February 07, 2014

2013-2014 Homeschooling Curriculum

The girls in our classroom: today's craft
Without further ado, I'm going to share our current curriculum. The easiest way for me to do that is to share a day in the classroom with you. This year I am teaching a first grader (7 year old), an official preschooler (5 year old) and an "unofficial" preschooler (3 year old). This is what a typical "perfect" day looks like in our classroom (with the focus on 1st grade):

The girls are so good to hold me accountable to our opening prayer and song time. The school day hasn't officially started without those!

Our prayer time varies throughout the week. Some days I pray to get the ball rolling (especially on our groggy days). Other days the girls think of things and/or people they would like to pray for and so they start. We also use a "prayer cube" that came free with our Sonlight read alouds (from Scripture Goods). On each side it has an idea for prayer: Shepherds, Leaders, Hurting, Unsaved, Family and Free Prayer. The girls like rolling it and it gives us a bit of direction some mornings.

During our song time we sing three songs each day. Every week I try to increase the girls' repertoire by adding a new hymn, praise song or familiar children's song. They love this time and it's a good time to get the energy flowing.

Bible time is next and I am using Sonlight's direction this year with "Leading Little Ones to God" and some of Catherine Vos's "The Child's Story Bible" mixed in. This time also includes our verse memorization. We are memorizing from the English Standard Version.

A gifted "Abeka" planner that I have made work for me. I've designed my own for next year.
Reading aloud comes next with Sonlight's Core B: found here. The girls are expected to pay attention with the picture books but when I begin reading the chapter books they can find a puzzle, game or something to draw on while I read. So far I'm happy with Sonlight's choices. I've skipped a couple of the stories in "Missionary Stories with the Millers" for personal reasons but other than that the girls have enjoyed their book choices and so have I.

On Monday, Wednesday and Friday we do Math. We are continuing with Math U See this year so our oldest is doing Alpha. She does great with most of the concepts and enjoys math because it goes quickly for her. She definitely does better with practice over theory.

On Tuesday and Thursday we do Science. We are enjoying Apologia's Zoology 1: Flying Creatures of the Fifth Day. God has provided a few "in home" experiences with two different birds' nests falling down our chimney. It has been a good lesson in life and death as well because neither time have the baby birds lived. We did what we could but Mama Bird obviously didn't find them either time. :( (My husband hopes to find a fix for the chimney so we won't have that happening again.) For the benefit of the younger two I just started reading a few pages of our Animal Encyclopedia before we start our Zoology lesson.

A fledgling that fell down our chimney.
Our next subject of the day is reading and writing with Spell to Write and Read and Cursive First. I am very pleased with how this is going this year (last year was the first year and it was tough). I'm definitely seeing improvement and so much more understanding in Anne this year and I'm so thankful. I know I've improved in my teaching as I'm grasping more of the teaching style required for the program as well (it's very hands on for the teacher). She's not taken off on her reading like I thought she might but she's doing well for her age and is getting spelling with hardly any mistakes. I'm proud of her! We follow this up each day with reading from First Readers we have in our home library.

Some days, many days, our school day ends there. Usually our Science days, Tuesday and Thursday take a bit longer so it will be time to finish up. On our shorter days I will usually try to get in some Spanish or a craft of some kind.

For Spanish I'm using my own knowledge and a website, Duolingo, as a jumping board. I wouldn't recommend Duolingo for your typical 1st grader but as a bilingual speaker it helps me get our study started and then I use my knowledge of the Total Physical Response (TPR) method to language learning to go from there. We also have a Spanish verb of the week. The flash cards I am using for that are great from a TPR perspective but not so great if you don't have a basic understanding of Spanish (there are no English translations on the cards).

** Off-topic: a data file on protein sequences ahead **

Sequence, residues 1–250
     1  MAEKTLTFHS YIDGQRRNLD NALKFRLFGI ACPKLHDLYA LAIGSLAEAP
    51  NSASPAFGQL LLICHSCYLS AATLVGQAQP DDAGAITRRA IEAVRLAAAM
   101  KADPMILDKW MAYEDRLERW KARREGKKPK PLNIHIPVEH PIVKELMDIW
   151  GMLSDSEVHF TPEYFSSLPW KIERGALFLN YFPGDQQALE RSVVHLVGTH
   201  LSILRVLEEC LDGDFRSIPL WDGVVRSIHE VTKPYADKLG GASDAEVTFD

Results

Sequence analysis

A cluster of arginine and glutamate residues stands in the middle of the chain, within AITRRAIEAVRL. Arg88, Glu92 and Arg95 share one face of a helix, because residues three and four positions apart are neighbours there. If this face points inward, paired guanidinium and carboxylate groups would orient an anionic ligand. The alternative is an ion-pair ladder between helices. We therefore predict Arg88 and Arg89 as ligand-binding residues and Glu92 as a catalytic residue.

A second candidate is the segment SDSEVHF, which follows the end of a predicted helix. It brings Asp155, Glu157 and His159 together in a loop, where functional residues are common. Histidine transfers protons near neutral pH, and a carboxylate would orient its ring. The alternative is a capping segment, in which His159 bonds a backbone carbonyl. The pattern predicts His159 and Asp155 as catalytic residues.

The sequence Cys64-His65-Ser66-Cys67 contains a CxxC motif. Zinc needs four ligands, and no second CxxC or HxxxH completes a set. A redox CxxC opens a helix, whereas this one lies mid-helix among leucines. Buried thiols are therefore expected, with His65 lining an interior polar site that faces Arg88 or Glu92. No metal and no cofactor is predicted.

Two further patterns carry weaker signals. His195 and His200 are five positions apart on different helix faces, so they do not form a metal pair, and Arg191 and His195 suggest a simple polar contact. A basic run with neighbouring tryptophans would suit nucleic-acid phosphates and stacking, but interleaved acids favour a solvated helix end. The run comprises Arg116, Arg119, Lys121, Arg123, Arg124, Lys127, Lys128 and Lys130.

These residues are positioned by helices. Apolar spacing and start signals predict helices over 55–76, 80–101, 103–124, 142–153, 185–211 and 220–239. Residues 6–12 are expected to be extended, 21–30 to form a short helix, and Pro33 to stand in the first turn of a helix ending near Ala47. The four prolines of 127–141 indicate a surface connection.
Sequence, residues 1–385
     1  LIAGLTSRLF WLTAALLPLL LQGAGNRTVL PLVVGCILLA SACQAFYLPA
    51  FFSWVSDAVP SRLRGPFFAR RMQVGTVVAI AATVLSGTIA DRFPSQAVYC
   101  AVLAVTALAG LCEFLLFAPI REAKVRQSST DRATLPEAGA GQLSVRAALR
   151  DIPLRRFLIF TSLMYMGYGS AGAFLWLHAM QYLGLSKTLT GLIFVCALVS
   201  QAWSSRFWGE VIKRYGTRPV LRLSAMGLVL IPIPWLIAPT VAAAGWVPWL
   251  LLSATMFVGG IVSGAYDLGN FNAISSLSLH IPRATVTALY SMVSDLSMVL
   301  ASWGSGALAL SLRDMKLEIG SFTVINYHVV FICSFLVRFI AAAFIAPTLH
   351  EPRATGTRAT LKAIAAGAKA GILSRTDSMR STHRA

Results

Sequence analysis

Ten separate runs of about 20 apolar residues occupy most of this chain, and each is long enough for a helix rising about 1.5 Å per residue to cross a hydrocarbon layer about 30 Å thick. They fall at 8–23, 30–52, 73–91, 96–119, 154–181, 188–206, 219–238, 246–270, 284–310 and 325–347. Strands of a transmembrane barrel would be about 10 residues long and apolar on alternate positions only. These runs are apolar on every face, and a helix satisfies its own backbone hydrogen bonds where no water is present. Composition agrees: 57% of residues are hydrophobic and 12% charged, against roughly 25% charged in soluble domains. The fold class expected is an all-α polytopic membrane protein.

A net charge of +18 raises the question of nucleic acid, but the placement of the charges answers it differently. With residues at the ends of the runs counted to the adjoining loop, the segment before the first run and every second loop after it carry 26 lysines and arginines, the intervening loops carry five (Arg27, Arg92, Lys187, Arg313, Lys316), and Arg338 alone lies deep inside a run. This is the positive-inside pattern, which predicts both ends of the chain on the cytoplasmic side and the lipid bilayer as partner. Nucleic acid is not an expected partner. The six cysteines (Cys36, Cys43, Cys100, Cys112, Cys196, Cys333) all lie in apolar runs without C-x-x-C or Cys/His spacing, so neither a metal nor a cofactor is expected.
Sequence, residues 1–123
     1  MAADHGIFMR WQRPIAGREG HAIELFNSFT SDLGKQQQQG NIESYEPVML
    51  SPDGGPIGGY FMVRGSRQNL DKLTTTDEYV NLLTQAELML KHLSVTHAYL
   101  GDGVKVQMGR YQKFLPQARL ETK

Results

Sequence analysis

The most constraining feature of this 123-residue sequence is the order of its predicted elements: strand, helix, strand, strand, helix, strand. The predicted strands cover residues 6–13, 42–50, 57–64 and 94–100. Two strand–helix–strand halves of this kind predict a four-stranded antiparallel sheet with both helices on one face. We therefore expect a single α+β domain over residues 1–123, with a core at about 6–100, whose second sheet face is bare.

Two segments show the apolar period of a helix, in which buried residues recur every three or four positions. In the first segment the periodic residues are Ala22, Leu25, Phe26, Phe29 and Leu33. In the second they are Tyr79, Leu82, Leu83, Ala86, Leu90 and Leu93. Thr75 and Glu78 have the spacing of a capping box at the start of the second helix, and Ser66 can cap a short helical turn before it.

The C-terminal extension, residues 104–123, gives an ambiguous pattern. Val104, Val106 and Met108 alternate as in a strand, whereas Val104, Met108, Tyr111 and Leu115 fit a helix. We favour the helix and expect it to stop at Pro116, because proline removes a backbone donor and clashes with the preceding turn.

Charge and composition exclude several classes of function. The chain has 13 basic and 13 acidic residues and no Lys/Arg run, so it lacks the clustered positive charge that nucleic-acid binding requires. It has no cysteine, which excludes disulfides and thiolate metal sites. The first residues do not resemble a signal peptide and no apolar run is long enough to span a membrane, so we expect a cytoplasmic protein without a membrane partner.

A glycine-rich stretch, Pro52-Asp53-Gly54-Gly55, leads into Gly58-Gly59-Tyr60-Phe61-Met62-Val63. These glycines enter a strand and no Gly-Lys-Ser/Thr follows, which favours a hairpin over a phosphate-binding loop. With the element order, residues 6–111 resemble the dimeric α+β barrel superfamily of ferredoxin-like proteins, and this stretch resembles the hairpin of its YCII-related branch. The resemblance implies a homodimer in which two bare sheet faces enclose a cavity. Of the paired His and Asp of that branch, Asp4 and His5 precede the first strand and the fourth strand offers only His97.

So that's our curriculum for the year. We are usually done with our day in the morning which works great for our family right now. I know that as the other two get older and more involved we'll be breaking into the afternoon hours but right now I'm thankful to be done by lunchtime. Of course, after lunch we get in the classes of "real life": laundry, cleaning, food prep, setting the table, sewing, reading library books, etc.

January 15, 2014

A Book for Missionary Women

During the past year, as I was struggling, a friend in the Philippines recommended an excellent book, Expectations and Burnout: Women Surviving the Great Commission by Sue Eenigenburg and Robynn Bliss. It was exactly what I needed to read at just the right time. It shed light on some of the issues I was dealing with, encouraged me in other areas and, overall, gave me a sense of great peace and grace in our work as missionaries. Of course it didn't fix me or my problems but it really helped me think through many of the issues at hand.

I was most encouraged by the following quote:
Remember your personal value to your Heavenly Father. If you left your missionary journey right now, if you threw in the towel, if you checked out, hung up your apron and walked away--He would embrace you and love you. He would gather you up and wipe the tears from your face. He would whisper reassurances to your soul. He would say it doesn't matter. He loves you deeply and that love is connected to what you do. It's who you are. You are His precious little girl, His beloved child. He is so completely committed to you--just because He is! He loves you. 
I had placed myself in a box that didn't allow for much room to move or much grace. It required that I move forward because there was NO other option. I HAD to do this and, really, I was failing miserably. These words spoke grace to my heart. They opened up the possibility that God doesn't really care what my job is but how I live and it gave me freedom. 

This review has been shared purely because I want to share it. I was truly encouraged by this book. :) 

December 24, 2013

Merry Christmas!

From our cozy home (93*) to yours, we wish you a very, merry Christmas!

May you be richly blessed during this time of reflection on our Savior's birth.
All glory to God!